The hull of Bergren’s Ranger boat was destroyed when he hit a pipe when entering a channel near Burns Harbor. It filled with water, but didn’t sink.
Bobby Bergren is Happy to be Alive
And lucky, too.
The Munster, Ind. angler and his partner escaped serious injury in a boating accident on Lake Michigan July 10 and they want others to learn from their experience – and mistakes.
“If God wanted us to die early, we would be dead,” the 28-year old Bergren said. “For some reason, he kept us alive.”
He and 22-year-old Ian Boston, also of Munster, were bass fishing on Lake Michigan that morning. They launched in East Chicago, ran to Chicago, caught a few fish and then made the surprisingly smooth, 20-mile ride back to the ArcelorMittal shipping channel near Burns Harbor.
“I wasn’t real familiar with the area but knew there was a discharge back in there that bass will congregate around from time to time,” said Bergren. “The problem was I was thinking about catching fish and lost sight of the importance of being safe.”
As he zoomed into the mouth of the shipping channel, the bottom of his boat struck a large pipe protruding inches above water off an underwater break wall.
The heavy pipe shredded the fiberglass hull of Bergren’s 21-foot Ranger Boat on impact and ejected both men into the lake.
Both anglers were jettisoned across the front deck, over the bow and into 30 feet of water.
“It happened so fast neither of us had time to react,” said, Bergren, who was knocked temporarily unconscious when his face slammed into the console on his way out of the boat.
Fortunately for both men, the boat turned sharply away as they were tossed over the nose and neither man was struck by the propeller. The boat came to rest against channel rocks.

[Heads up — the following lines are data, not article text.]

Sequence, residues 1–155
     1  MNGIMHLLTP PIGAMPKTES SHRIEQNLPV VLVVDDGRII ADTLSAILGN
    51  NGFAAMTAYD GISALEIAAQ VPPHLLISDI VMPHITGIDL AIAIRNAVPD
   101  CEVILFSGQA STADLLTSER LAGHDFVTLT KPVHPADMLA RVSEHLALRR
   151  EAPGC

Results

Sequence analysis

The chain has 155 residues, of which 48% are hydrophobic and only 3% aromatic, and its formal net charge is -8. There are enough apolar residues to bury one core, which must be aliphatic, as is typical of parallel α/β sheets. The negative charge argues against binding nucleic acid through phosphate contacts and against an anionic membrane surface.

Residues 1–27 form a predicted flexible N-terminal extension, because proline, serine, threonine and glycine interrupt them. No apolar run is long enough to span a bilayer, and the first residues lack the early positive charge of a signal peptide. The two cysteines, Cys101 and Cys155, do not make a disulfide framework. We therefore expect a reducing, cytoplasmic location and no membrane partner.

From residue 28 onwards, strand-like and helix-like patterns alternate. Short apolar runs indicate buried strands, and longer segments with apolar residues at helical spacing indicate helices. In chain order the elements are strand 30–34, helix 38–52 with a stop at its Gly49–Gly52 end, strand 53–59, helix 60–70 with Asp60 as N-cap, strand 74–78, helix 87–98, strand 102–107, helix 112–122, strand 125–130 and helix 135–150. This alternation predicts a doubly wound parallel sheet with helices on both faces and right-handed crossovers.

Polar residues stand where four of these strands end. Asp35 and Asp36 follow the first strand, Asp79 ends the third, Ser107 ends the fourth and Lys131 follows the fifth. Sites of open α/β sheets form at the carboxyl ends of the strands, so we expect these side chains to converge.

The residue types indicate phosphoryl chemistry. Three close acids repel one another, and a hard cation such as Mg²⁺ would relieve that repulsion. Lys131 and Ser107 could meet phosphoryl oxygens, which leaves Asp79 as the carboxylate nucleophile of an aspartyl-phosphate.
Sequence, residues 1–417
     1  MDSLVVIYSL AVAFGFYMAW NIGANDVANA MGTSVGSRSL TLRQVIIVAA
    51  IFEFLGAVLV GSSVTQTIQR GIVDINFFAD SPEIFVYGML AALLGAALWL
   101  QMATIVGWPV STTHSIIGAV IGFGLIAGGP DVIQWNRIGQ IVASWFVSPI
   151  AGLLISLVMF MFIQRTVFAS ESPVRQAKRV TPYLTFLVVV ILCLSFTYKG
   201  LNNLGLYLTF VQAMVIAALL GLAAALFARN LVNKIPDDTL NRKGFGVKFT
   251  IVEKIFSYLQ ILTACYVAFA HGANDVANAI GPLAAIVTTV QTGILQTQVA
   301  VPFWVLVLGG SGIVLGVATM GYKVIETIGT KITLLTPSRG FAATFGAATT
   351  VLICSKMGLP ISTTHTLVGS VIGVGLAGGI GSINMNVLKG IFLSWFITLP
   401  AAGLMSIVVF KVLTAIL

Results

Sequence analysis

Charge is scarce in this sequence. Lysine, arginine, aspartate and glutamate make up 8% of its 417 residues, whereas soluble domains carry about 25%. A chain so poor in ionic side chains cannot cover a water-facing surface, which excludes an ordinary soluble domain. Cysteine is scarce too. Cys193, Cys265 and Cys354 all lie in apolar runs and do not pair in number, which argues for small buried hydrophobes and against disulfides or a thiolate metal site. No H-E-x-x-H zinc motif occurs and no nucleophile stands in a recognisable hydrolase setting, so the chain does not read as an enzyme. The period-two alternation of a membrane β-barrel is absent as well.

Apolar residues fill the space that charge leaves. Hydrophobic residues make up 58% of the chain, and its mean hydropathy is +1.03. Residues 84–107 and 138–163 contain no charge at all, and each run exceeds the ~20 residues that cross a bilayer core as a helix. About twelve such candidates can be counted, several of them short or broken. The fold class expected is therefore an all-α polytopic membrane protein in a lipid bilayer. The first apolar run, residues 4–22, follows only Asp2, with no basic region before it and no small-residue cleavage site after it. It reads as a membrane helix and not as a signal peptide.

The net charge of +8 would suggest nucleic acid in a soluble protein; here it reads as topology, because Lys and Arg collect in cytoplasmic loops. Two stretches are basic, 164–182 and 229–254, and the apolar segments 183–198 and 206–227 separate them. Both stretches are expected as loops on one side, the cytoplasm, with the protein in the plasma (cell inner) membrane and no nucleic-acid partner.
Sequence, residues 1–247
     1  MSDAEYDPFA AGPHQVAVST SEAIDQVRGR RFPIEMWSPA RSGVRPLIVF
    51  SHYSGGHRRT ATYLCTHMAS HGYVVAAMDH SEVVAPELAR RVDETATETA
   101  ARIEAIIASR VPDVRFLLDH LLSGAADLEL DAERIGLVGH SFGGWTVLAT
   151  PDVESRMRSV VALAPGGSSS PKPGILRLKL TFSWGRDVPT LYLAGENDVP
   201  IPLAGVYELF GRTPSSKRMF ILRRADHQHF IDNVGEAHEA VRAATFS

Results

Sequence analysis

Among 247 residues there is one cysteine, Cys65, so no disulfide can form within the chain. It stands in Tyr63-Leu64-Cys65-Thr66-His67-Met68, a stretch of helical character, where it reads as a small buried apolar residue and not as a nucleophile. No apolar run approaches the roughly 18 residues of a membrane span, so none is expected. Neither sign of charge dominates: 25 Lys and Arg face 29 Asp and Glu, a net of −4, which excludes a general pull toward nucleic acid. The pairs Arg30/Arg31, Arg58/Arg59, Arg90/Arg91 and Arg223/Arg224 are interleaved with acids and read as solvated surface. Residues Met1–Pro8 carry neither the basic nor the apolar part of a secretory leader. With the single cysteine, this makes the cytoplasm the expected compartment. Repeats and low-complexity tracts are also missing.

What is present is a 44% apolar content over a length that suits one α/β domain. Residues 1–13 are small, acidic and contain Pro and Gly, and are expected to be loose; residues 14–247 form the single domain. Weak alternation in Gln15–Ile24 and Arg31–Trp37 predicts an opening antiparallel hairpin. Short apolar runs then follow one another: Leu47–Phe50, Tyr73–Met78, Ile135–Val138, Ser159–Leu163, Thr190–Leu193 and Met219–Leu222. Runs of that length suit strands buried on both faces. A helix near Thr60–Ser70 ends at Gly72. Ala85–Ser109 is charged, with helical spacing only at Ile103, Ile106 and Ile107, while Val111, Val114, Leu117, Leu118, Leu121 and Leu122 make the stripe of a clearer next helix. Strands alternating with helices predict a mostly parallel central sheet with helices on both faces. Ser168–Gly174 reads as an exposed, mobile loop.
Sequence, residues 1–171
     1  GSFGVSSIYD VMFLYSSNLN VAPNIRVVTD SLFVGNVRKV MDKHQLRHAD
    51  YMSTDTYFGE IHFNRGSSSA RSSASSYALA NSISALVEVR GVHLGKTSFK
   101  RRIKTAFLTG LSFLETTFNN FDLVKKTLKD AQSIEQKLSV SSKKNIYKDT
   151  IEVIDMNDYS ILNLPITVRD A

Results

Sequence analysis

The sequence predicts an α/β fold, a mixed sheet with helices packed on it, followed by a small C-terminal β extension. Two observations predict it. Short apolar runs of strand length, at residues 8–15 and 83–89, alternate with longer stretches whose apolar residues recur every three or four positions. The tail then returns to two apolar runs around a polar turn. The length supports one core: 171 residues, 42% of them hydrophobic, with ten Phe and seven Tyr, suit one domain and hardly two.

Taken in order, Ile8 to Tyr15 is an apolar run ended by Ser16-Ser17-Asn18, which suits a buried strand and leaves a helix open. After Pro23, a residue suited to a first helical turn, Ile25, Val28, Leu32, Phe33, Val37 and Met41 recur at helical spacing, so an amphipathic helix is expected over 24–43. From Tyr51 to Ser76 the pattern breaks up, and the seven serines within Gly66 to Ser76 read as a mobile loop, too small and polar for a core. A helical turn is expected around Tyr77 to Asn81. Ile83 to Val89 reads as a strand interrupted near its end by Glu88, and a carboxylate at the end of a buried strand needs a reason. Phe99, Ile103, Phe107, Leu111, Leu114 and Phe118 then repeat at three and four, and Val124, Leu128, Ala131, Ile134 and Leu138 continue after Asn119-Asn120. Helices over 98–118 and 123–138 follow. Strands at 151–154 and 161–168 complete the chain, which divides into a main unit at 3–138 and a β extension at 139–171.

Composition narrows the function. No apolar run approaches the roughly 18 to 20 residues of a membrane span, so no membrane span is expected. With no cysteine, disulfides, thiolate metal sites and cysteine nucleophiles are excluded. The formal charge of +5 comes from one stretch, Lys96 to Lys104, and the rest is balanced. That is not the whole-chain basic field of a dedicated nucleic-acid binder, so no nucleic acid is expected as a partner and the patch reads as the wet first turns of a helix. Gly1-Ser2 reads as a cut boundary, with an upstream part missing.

Bergren had the outboard “kill” switch attached to his life vest but had forgotten to attach it to the throttle connector. Otherwise, the engine would have shut off as he was thrown from the cockpit. Because he uses a foot throttle, the boat did slow to idle speed when his foot came off the gas.
Both anglers were wearing life jackets; Boston had a traditional foam-filled jacket that covers the back and chest; Bergren was wearing a harness style vest designed to inflate when submerged.
But it didn’t.
“I just bought it a few weeks ago and even had the Coast Guard inspect it before I used it,” he said. “I’ll never wear one of those inflatables again.”
Bergren regained consciousness underwater and surfaced to hear Boston, calling his name. Boston was struggling due to his badly injured legs, so Bergren, a good swimmer, helped his partner to the boat resting against the bank.
“My face was covered with blood and Boston had a bad cut on his leg,” he described. “The bone was showing; we think the prop on the electric motor cut it when he was thrown over the top of it.”
The boat already had filled with water from a gaping hole torn along the keel on the bottom. Lucky for both men, Bergren’s cell phone was locked in a dry storage compartment. He was able to call the Coast Guard for help.
The anglers waved an orange rescue flag and shot off flares to get attention of a nearby helicopter. A Coast Guard boat team picked them up within the hour and took them to the Hammond Marina where an ambulance took them to Gary Methodist hospital.
Both men were sore and banged up. Boston’s leg required five stitches; Bergren’s face was cut and swollen. They were treated for cuts and bruises and released that night.
Bergren wanted his story told with hope that Lake Michigan officials will mark the dangerous pipe with a buoy and that other anglers and boaters will learn from his experience - and mistakes.
He realizes he should have been more cautious when motoring through unfamiliar areas. Given his extensive experience of fishing Lake Michigan for smallmouth, he got complacent.
“You have to realize your life and partner’s life are in your hands,” Bergren said. “We often get anxious about catching fish and forget about safety.
Safety will be my top priority from now on.”
He also wants boaters to know that the inflatable vests don’t always work.
“Those vests might be more comfortable, but they obviously are unreliable,” he said. “I’ll not risk my life with them again.”
In addition to his boat hull being destroyed, it cost him $4,300 when a tow service took the boat from Burns Harbor to Bridgman, Mich., site of a salvage service. He also lost several thousand dollars’ worth of rods that had been secured under straps but the impact ripped them off the front deck.
Those are material things that can be replaced,” he said. “What’s important is we’re still alive.”